Despite all that I will say overall, the script got more exciting the further I read on and the story overall is an interesting concept. A brief summary for those who haven’t read: Harry’s middle-child son, Albus Severus, dislikes being the famous Harry Potter’s Syltherin son. Albus overhears Cedric Diggory’s father asking Harry to use a time turner to go back to the Triwizard Tournament and prevent Cedric from dying at Voldemort’s hands- a request Harry denies. Albus decided to fulfill the request instead, and with his best friend Scorpius Malfoy¬† and Amos Diggory’s niece Delphini, they set out to change the course of history, each for their own personal gain.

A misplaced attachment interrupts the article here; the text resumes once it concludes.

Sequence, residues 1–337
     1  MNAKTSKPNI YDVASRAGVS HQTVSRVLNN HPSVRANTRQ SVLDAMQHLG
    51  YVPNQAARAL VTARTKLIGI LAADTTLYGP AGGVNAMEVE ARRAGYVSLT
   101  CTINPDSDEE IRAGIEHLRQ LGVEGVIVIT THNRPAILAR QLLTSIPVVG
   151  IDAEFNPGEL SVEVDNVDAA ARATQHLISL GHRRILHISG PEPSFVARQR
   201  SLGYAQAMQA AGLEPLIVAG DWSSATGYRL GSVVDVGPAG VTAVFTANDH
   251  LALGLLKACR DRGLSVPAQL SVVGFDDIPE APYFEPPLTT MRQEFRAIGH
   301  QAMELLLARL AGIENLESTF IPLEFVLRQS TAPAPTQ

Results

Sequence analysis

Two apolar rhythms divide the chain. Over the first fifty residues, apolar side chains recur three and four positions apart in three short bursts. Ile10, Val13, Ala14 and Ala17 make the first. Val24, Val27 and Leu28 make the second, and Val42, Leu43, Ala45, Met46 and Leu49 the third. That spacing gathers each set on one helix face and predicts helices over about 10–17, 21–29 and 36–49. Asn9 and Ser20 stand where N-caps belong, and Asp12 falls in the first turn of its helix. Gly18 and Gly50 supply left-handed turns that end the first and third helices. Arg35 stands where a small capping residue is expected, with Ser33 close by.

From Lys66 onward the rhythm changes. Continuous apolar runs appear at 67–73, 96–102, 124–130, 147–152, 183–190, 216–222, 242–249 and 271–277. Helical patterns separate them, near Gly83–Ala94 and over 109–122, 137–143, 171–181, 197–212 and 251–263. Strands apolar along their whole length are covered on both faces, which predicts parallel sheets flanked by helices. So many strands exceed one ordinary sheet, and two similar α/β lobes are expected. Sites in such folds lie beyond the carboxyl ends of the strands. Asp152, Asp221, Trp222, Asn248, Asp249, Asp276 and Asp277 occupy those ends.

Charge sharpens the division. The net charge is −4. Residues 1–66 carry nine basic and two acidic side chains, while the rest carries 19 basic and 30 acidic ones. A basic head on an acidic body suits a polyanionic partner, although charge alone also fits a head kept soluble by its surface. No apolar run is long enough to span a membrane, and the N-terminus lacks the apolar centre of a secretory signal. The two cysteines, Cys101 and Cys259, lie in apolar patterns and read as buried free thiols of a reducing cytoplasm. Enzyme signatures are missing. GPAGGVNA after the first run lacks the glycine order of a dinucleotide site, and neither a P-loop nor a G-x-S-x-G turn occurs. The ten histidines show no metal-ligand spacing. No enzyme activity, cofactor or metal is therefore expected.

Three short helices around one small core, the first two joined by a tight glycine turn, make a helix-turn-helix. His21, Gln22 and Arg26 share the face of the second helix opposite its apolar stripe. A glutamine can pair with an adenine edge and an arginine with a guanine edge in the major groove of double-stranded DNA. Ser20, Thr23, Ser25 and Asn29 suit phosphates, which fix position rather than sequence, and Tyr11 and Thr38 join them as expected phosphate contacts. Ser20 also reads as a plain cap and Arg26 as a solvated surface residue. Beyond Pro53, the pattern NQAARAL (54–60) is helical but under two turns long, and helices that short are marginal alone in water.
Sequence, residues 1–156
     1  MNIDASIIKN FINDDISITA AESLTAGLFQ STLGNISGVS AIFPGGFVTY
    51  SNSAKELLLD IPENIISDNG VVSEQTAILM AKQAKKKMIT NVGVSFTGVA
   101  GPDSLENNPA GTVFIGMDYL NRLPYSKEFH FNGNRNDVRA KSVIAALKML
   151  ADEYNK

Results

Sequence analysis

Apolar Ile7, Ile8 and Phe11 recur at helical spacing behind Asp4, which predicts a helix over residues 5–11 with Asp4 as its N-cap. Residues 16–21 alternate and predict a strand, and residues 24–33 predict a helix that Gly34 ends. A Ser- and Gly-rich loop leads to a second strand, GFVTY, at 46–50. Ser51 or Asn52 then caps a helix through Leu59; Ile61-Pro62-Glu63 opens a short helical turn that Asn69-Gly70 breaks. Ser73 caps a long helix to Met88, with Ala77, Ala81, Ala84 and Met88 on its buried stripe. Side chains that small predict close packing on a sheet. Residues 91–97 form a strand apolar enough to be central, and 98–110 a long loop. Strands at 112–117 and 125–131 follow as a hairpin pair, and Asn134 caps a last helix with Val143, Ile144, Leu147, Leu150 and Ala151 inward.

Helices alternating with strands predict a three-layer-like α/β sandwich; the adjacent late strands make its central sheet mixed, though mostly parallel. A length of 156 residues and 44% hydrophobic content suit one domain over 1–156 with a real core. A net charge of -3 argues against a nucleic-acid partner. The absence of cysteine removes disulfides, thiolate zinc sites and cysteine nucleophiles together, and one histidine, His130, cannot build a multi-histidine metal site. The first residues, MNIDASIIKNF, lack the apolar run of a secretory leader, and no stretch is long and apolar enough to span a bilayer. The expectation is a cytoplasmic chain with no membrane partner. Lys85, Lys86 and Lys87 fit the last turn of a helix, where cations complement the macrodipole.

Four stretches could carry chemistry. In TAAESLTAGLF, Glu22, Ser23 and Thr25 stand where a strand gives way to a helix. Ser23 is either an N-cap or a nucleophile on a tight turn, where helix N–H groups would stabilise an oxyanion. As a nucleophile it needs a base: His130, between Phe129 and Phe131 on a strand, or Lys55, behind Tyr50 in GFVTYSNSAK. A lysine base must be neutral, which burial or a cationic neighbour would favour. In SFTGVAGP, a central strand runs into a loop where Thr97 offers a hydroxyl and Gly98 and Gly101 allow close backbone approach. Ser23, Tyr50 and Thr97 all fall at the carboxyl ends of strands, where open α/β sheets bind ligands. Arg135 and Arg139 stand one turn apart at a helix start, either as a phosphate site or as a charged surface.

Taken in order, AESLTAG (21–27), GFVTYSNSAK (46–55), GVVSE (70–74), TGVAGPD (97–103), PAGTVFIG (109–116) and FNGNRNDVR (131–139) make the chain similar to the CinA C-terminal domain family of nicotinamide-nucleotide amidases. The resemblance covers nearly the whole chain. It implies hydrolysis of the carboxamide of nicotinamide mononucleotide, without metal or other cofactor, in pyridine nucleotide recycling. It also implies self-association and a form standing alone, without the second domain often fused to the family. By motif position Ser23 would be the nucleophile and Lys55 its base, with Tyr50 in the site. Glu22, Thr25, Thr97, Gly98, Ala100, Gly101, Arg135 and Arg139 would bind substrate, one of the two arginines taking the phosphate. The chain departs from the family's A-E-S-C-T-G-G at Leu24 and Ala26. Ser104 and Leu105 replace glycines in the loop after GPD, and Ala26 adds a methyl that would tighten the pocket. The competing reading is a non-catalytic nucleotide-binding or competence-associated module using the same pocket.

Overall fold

To me, it felt like I was reading published fan fiction. It was entertaining, but I can’t quite accept it as canon (and as I’ve seen in other reviews, I’m not alone on this), and I really dislike that it’s considered the eight book in the Harry Potter series. It’s not a book, it’s a playscript, and there are so many little bits of information that do not correlate with the structures set by the preceding books.

So, answer the big question: to read or not to read? I say read, and take in the story with a grain of salt, as if you were reading any other fan fiction. It’s not going to ruin the world we know and love- it’s just going to give another alternative view.

 

 

 

 

 

Root, Petal, Thorn by Ella Joy Olsen

“I was the model of efficiency…by taking advantage of the greatest invention since bacon…audio-books.”

First off, this quote was my favorite part of the whole book. How spot on is that statement?!

Anyways, lets jump right in.